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Ruined by Paula Morris


Ruined by Paula Morris wants to be a ghost story, and it is, but it's a little lite on the ghost and haunting elements.

Rebecca's a New Yorker, but when her father must go to China for half a year to work, Rebecca is reluctantly shipped off to post-Katrina New Orleans to live with her father's old friend, "aunt" Claudia and her daughter, Aurelia. They are her father's only family, whom she barely knows. At her new, exclusive, all girls school, Rebecca quickly runs afoul of the in crowd girls who belong to the rich, influential, "old line" New Orleans families and who rule the school. Shunned by these girls and the rest of the school's students who follow their lead lest they too become social pariahs, Rebecca feels isolated, outcast, and bewildered by the homogeneous, closed society that closes ranks against outsiders.

Late one night in the Lafayette cemetery across the street from her aunt's house, Rebecca meets Lisette, a light skinned, black Creole girl who has haunted the cemetery and various other places in the neighborhood since her murder during the city's yellow fever epidemic of 1853. She's befriended by this strange ghost who tells the story of both her death and the subsequent curse brought down on the family and the house of her murderer that haunts the family to this day. Rebecca is also befriended by Anton, a boy who belongs to an old line family and a member of the same upper class, in crowd that shuns her at school. However, warnings from hostile in crowd members and her own aunt, who tell her that she doesn't really know Anton and that she needs to steer clear of the Greys, Bowmans and Suttons in particular because they belong to a different world combine with Anton's sporadic, sparse contact and bewildering behavior to make Rebecca suspicious of his motives for befriending her. It's clear there's more to aunt Claudia's warning, more to the history between the families, and more to her father's odd behavior than is being shared with Rebecca.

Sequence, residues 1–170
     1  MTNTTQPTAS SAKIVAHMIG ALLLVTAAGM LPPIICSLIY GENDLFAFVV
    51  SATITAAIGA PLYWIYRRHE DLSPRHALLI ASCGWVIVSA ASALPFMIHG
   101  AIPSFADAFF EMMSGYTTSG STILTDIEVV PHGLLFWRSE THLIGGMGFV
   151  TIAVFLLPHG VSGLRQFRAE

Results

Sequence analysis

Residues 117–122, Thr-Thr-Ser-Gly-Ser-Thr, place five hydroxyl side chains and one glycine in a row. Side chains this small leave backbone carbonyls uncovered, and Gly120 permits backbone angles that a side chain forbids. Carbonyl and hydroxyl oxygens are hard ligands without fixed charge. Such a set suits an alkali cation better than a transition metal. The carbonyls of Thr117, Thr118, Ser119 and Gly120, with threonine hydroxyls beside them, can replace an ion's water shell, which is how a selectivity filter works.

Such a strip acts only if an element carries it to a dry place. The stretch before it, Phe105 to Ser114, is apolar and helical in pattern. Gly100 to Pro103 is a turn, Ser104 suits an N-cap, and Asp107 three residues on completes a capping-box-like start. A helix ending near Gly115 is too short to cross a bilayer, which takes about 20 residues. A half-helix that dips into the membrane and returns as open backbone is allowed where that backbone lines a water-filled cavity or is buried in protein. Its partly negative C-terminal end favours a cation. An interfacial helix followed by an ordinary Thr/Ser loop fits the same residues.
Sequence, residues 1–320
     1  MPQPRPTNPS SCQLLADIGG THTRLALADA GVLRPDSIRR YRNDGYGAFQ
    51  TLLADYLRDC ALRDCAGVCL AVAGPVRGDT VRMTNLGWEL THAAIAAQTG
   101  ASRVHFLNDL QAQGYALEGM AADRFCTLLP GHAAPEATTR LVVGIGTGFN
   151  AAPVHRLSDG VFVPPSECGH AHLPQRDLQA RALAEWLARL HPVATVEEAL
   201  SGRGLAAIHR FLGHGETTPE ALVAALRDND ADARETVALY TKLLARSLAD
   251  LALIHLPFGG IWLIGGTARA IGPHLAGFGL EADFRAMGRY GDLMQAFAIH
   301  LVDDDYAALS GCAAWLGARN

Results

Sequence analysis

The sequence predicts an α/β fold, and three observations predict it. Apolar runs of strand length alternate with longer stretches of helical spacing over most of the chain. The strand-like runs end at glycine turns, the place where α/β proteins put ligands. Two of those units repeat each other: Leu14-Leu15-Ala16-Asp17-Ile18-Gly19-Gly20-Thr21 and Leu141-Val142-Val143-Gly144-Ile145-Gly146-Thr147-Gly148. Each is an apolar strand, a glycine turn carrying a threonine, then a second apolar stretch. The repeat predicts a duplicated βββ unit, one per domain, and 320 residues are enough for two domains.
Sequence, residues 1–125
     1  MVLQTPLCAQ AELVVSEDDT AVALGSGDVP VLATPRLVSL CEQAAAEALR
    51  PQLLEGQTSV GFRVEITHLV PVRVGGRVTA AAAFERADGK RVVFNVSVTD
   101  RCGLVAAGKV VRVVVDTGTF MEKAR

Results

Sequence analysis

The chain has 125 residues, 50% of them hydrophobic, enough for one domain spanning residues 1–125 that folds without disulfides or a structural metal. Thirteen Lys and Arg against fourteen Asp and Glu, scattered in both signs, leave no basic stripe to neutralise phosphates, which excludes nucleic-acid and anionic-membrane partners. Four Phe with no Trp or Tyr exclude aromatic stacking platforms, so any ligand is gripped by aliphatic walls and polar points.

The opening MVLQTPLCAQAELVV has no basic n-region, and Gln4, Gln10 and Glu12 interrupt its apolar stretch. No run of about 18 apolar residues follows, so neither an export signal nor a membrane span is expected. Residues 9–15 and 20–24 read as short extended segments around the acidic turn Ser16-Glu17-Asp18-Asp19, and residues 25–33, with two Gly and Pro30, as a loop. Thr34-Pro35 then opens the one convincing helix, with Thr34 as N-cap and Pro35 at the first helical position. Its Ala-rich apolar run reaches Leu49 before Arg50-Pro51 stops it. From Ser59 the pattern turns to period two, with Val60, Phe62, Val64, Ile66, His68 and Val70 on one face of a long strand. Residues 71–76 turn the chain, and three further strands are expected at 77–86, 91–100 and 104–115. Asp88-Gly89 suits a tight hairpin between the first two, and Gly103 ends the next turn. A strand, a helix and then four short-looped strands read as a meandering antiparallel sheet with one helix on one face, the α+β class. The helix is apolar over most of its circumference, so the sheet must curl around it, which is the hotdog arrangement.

The setting of New Orleans and its flavor and unique, colorful atmosphere add to the story, but the author's heavy handed references to hurricane Katrina and its damage and aftermath detract from the story. In the end, the resolution and reveal of all the big secrets of the story are obvious, while the climax of the action in the cemetery comes off as a bit unbelievable even in a story that has a ghost for a supporting character.

Die hard, young adult ghost story fans will enjoy this book.

--Reviewed by Ms. Angie

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